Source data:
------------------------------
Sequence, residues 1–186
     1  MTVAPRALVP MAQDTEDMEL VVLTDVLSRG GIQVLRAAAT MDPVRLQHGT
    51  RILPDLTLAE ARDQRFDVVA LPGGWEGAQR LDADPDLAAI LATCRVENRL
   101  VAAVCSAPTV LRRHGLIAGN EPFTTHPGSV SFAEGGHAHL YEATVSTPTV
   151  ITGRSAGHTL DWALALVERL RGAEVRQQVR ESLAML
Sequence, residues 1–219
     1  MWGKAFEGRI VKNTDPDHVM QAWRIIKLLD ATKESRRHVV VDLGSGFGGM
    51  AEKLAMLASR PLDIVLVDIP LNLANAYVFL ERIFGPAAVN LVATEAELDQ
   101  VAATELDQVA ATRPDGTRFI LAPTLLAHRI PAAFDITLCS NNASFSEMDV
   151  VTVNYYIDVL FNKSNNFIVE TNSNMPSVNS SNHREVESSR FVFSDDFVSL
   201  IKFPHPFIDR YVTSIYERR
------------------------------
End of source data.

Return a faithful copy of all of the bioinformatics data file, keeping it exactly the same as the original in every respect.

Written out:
Sequence, residues 1–186
     1  MTVAPRALVP MAQDTEDMEL VVLTDVLSRG GIQVLRAAAT MDPVRLQHGT
    51  RILPDLTLAE ARDQRFDVVA LPGGWEGAQR LDADPDLAAI LATCRVENRL
   101  VAAVCSAPTV LRRHGLIAGN EPFTTHPGSV SFAEGGHAHL YEATVSTPTV
   151  ITGRSAGHTL DWALALVERL RGAEVRQQVR ESLAML
Sequence, residues 1–219
     1  MWGKAFEGRI VKNTDPDHVM QAWRIIKLLD ATKESRRHVV VDLGSGFGGM
    51  AEKLAMLASR PLDIVLVDIP LNLANAYVFL ERIFGPAAVN LVATEAELDQ
   101  VAATELDQVA ATRPDGTRFI LAPTLLAHRI PAAFDITLCS NNASFSEMDV
   151  VTVNYYIDVL FNKSNNFIVE TNSNMPSVNS SNHREVESSR FVFSDDFVSL
   201  IKFPHPFIDR YVTSIYERR